New answers tagged

1

As far as your opening question - "am i still hireable", you're always hireable. (You can always get another management job you know, I'm told that those positions still exist even after downturns). But as long as you have a reason why you're applying for a technical role once you have had management experience (ie I love technical roles), then you're fine. ...


0

10 years of engineering sounds quite low to me personally to be considered for management, so maybe you have that on your side, at a future date you could say you were not done getting your hands dirty doing the real work. At 32 years now of technical work, I'm done for sure and nobody replies to my resume anymore despite me doing the best work of my career,...


1

My old department lead found a job as developer just fine after getting laid off. This may depend upon connections, how much development you did before becoming a manager, etc... Also, I think this may depend on country. I know that in Germany, older people said there is no way back from management. But I think it's not as true as it used to be. But that may ...


2

No you can't, but it actually a good thing. The previous answers are great. I'll add to it that a potential employer would probably be more impressed that you assumed the level of responsibility and the leadership role that you did without having that title. That shows a willingness to step-up, and who doesn't want to hire someone like that? Your lack of ...


2

can I put the senior title on my CV? No. I know it is nice to have a "senior" badge in your resume, but it is not about this. You are "selling" to a potentional employer not your title but: Experience Knowledge Projects done Professionalism etc. Consider this: Senior developer in noName startup doing Wordpress has fewer market value as junior developer ...


11

The question is, can I put the senior title on my CV? In this case, NO. Do not "invent" new title / designation, go by what you can prove (contract / references). How do I explain to a future employer that I deserve a seniors salary? This will entirely depend on the factor that how much value you bring in and going to add to the organization. Do not ...


1

In 2017, I decided to join this company in which things were weird: I was chosen to work on strange topics I was not familiar with. Then more strange topics were piled on me. That, in and of itself, is not unusual in some roles - there can be lots of different topics & areas that you may need to do client work for, and sometimes the job just calls for ...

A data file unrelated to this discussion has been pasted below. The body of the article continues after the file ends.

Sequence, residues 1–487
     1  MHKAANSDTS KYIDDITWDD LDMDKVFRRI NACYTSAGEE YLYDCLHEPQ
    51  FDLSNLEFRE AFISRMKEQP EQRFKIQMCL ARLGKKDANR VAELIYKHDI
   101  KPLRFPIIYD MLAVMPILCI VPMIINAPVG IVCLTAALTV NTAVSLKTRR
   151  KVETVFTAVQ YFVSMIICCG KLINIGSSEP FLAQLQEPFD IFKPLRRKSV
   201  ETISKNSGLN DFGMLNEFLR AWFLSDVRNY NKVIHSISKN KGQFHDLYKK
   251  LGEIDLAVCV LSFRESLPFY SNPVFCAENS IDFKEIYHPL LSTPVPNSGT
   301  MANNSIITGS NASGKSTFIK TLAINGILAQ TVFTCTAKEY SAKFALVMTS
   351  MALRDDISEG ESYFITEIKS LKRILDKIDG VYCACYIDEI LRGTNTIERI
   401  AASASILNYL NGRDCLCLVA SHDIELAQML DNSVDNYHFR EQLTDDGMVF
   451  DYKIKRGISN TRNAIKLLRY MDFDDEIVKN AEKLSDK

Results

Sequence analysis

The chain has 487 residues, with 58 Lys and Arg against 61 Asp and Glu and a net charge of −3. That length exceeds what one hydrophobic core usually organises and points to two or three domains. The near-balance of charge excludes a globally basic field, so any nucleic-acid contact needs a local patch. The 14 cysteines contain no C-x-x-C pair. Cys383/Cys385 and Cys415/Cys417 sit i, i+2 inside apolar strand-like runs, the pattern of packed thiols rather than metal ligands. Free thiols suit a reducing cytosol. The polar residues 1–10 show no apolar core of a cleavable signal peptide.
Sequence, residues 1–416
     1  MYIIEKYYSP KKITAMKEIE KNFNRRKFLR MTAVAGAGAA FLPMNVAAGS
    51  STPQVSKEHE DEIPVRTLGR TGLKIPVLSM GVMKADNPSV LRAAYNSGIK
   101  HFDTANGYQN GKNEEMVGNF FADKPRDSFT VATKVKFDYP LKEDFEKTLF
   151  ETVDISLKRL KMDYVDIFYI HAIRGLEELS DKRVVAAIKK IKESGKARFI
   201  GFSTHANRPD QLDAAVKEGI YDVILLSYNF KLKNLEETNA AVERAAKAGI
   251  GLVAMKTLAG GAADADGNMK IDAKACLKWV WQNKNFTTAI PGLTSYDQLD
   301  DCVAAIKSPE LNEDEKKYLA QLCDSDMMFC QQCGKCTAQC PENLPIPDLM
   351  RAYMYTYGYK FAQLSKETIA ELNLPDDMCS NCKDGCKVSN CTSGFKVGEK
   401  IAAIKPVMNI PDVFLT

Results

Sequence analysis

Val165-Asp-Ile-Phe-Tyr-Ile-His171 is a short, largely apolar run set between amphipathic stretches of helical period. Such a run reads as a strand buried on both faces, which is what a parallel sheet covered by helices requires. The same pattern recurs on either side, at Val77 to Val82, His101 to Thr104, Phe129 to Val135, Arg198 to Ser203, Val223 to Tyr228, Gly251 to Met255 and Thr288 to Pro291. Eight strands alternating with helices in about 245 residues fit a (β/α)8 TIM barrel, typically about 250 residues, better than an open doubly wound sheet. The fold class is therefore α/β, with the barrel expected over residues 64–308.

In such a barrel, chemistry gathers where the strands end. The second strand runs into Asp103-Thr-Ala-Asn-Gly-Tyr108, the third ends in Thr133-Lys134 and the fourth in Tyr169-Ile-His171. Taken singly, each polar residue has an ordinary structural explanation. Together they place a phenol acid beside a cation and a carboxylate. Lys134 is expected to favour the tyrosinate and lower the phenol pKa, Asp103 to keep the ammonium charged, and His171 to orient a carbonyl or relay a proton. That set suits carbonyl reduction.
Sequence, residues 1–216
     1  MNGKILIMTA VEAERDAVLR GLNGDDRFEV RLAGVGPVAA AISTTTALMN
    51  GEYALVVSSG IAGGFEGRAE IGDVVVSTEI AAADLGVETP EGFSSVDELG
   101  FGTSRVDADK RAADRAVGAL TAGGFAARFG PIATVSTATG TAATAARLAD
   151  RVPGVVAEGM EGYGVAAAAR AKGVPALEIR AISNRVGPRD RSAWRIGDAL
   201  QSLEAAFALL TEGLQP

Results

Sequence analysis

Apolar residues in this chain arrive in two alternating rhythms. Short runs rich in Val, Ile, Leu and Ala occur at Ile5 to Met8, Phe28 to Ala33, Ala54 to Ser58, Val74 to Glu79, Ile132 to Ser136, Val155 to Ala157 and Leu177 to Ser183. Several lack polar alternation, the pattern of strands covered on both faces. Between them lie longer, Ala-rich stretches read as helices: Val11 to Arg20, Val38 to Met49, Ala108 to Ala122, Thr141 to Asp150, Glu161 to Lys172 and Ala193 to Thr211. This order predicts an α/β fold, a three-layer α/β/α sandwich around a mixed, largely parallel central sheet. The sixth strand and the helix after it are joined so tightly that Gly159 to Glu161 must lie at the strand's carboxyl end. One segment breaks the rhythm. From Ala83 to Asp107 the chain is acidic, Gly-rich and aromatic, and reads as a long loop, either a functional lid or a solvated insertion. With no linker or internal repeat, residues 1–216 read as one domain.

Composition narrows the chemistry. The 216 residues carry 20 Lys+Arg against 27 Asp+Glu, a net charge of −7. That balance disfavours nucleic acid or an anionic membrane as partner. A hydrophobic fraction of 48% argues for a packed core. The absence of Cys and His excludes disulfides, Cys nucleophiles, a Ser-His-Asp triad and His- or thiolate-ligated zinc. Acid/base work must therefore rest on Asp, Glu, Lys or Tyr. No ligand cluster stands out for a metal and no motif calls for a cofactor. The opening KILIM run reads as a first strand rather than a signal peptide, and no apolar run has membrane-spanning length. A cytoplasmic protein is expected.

1

The key point missing here is your vision of what it means to be in a leadership position is short-sighted. That's okay, many people who aren't in leadership positions don't inherently understand them. And, while you're receiving criticism for your intentions, it does seem like you have a reasonable goal: You want to be the boss of a high performing team. ...


4

I'd like to add something. You say: I feel I have superior social skills to Alessandro, and can work much better with people in a "team lead" capacity: is there any way to convey this to Ted? And then you also say: I'm wondering if this could be brought up with an external agency, such as the #MeToo movement, but am worried that it could become ...


4

Firstly, "strong candidate" is hardly a promise. It just means that you should apply. I have had various people doing the hiring tell me that I am a strong candidate for a position and then did not even get an interview. I also suspect that your boss doesn't have the authority to make such a promise unless he is one of the chief engineers or other executives....


10

You weren't exactly promised. Get that thought out of your head. Because it sounds entitled, and entitlement will not win you the race. Instead, treat it as a typical race for a contested promotion: You told us what Alessandro does better. What do you do better? Social skills is vague. Put this into concret examples that you can show Ted. Preferably ...


3

There's nothing you can do. The company doesn't owe you a promotion, what you promised was not in the contract, and it was not even by the current manager. The company should always promote the best candidate for the job, it sounds like "Alessandro" is a better candidate for a senior engineering position while you're more suitable for non-technical jobs. ...